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Fatal Self-Deception Slaveholding Paternalism in the Old South

ISBN-10: 1107605024

ISBN-13: 9781107605022

Edition: 2011

Authors: Eugene D. Genovese, Elizabeth Fox-Genovese

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Book details

Copyright year: 2011
Publisher: Cambridge University Press
Publication date: 10/24/2011
Binding: Paperback
Pages: 256
Size: 6.00" wide x 9.50" long x 0.75" tall
Weight: 0.792
Language: English

Born in Brooklyn, New York, Eugene Genovese was educated at Brooklyn College and Columbia University, where he received his Ph.D. in 1959. He has served as Pitt Professor of American History at Cambridge University and Distinguished Scholar in Residence at the University Center in Georgia. An erudite, unconventional, and often unpredictable Marxist, Genovese has forced historians of the Old South---and especially of slavery---to think in new ways about important questions. Ranging over a multitude of topics, his work is concerned mainly with the relationship between economic factors, social conditions, and culture. Of his best-known work. Roll, Jordan, Roll (1974), David Brion Davis wrote: "Genovese's great gift is his ability to penetrate the minds of both slaves and masters, revealing not only how they viewed themselves and each other, but also how their contradictory perceptions interacted" (N.Y. Times Book Review).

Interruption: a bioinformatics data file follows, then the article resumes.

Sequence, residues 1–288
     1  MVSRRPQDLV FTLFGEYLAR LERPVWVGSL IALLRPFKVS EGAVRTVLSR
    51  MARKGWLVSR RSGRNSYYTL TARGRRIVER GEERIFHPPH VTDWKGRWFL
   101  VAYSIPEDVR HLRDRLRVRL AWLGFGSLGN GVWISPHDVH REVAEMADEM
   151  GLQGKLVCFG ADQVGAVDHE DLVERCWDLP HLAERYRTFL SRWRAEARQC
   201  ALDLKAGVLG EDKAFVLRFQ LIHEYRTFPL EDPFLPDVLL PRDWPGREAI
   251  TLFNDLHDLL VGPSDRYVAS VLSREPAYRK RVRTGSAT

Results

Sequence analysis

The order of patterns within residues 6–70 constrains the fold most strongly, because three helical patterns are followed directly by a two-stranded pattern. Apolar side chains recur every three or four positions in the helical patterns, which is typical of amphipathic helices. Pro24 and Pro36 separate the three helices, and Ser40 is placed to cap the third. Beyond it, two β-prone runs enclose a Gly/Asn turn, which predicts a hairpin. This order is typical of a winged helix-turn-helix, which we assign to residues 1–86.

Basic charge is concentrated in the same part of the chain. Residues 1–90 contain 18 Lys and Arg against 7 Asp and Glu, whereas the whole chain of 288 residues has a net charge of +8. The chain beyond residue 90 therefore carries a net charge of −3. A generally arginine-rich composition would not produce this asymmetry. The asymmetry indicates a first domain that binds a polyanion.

Preface
Abbreviations
Manuscript Collections
Introduction
"Boisterous Passions"
Edmund Burke's Cautionary Tale
Morals
Apprehensive Parents
Young Gentlemen in Fields and Stores
Weighed in the Balances
The Complete Household
Paternal Authority
Property in Man?
Household Problems
Slave Sales
Strangers within the Gates
Sundry White Servants
Governesses and Tutors
Hired Laborers
Overseers and Their Families
Loyal and Loving Slaves
Masterful Forbearance
Mutual Dependency and Manipulation
Souls
Grief and Money
Tests of Faith
Dangerous Wishes
The Blacks' Best and Most Faithful Friend
A Stagnant Race
Black Incapacity
Black Thoughts, According to White Critics
Views of Emancipation
News from Africa
The Fate of the Indians
The Specter of Barbarism
Guardians of a Helpless Race
Vindication from the Free States
Abolitionism Indicted for Racism
Persistent Fears of Black Extermination
White Recognition of Black Achievement
An Incongruity
Devotion unto Death
Armed Slaves: Friends or Foes?
Concern for White Women
Mounting Crises
Body Servants in War and Propaganda
The Confederacy Opts for Black Troops
Notes
Index